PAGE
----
Trees and doodlebugs emit methane – the question is, how?
Trees and insects may play a significant role in the emission of methane—a potent greenhouse gas—and improving our understanding of exactly how this happens could help in targeting more effective ways to fight global warming.
Because methane has more than 80 times the global warming potential of carbon dioxide over 20 years, the emissions from trees—and any changes in these due to global warming—may have significant implications for Earth's climate.
"We have seen aerobic methane emissions (from tree canopies), and these have a strong pattern over the day," said Dr. Mari Pihlatie, associate professor in the Department of Agricultural Sciences at the University of Helsinki, Finland.
She and her team in the MEMETRE research project are tracing the methane to see if it is produced in the leaves alongside photosynthesis, or if it is soil-borne gas flowing up through the trunk, or from other activities in the trunk itself.
"It seems that boreal tree canopies emit methane in the daytime, not in the night time, and that the methane emissions follow photosynthetic activity and radiation (sunlight)," Dr. Pihlatie said.
The indications are that, rather than being linked to photosynthesis, these tree trunk emissions are more likely linked to soil-based methane production being transported through the trees to the atmosphere. Another possibility is that it's produced through microbial methane formation inside the trunks themselves.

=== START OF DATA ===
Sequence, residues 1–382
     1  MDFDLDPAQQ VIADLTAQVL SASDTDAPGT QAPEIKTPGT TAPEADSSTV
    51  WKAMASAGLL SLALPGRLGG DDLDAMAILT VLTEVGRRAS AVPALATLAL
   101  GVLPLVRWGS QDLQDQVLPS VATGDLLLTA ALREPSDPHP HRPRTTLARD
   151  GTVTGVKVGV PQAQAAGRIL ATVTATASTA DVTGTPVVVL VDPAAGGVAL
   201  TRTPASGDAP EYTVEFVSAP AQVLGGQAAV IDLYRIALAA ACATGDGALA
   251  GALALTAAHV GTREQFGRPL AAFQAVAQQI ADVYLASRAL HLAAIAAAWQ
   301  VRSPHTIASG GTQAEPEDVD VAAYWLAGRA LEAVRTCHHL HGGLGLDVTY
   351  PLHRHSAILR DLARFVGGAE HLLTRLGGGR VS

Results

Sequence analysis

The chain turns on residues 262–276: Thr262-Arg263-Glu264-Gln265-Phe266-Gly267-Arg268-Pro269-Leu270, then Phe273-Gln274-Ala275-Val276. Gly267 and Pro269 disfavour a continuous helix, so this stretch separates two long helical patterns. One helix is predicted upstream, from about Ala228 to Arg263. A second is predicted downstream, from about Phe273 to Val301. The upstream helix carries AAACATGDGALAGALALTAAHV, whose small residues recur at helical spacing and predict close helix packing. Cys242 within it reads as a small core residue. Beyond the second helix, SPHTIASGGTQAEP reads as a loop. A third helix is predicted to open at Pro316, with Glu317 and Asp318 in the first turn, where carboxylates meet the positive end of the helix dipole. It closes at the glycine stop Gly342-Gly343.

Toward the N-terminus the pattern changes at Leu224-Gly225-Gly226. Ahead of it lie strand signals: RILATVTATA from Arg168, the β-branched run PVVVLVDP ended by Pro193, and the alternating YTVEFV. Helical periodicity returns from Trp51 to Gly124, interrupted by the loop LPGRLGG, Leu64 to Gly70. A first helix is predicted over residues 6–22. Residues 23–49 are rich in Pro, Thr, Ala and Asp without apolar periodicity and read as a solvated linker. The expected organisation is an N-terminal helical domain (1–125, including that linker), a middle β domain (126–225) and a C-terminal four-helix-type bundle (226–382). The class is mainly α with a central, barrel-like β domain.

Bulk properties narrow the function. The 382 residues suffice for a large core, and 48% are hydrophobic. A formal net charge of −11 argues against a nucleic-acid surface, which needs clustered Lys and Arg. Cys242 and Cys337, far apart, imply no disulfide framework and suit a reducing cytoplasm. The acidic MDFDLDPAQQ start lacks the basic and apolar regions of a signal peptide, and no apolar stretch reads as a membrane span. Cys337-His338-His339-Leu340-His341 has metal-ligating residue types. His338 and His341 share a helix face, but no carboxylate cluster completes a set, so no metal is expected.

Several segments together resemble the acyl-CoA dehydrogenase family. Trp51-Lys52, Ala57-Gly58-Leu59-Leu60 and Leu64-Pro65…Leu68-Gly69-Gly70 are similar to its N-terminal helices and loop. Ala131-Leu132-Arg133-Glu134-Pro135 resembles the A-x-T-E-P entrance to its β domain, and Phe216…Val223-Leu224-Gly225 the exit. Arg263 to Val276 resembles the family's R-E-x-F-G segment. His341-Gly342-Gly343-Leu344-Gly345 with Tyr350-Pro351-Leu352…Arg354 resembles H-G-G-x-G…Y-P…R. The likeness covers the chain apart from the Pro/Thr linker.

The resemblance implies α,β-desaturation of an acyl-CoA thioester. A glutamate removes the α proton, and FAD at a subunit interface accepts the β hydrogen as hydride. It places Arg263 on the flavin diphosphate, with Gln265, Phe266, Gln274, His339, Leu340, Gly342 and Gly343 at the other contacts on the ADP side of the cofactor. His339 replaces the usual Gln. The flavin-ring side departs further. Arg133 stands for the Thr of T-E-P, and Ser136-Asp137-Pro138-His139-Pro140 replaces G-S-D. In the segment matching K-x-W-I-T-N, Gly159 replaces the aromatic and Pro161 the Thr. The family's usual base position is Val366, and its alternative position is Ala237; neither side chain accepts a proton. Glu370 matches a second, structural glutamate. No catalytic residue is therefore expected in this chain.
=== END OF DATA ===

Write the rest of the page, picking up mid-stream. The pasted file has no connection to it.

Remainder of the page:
Methane fluxes from tree trunks also vary with the seasons, rising in the Nordic summers and declining in the cold, dark winters. This seasonal variability poses questions about what may happen to the trees' contribution to the methane budget in the future, given changes in the global climate.
Dr. Pihlatie's research has been looking at pines, spruces and birches found in boreal forests in Finland and Sweden, which are typical of high northern latitudes in Europe, Asia and North America.
Her team is taking field measurements and carrying out experiments in controlled laboratory conditions, using stable carbon isotopes to identify the origin of methane emitted from trees. By feeding an enclosed tree with carbon dioxide using carbon-13, the researchers aim to identify if the carbon which appears in the methane emissions has been rapidly fixed by the leaves or conifer needles through photosynthesis, or if it is 'older' carbon from different processes within the tree.
To monitor emissions in the canopy, the researchers have developed novel ways to enclose a branch in an airtight box, complete with lasers to continuously and automatically measure changes in gas flows and concentrations during daily and seasonal cycles.
"In this way we aim to understand the link between methane production and the tree's physiological activity, like photosynthesis and transpiration," Dr. Pihlatie said.
Unravelling the methane process in trees—and the larger role of boreal forests—could provide a clearer picture of their contribution to the global methane budget, where the sources and sinks (stores) of methane are totted up. It could also help in trying to assess the future impact of climate change on these methane processes themselves.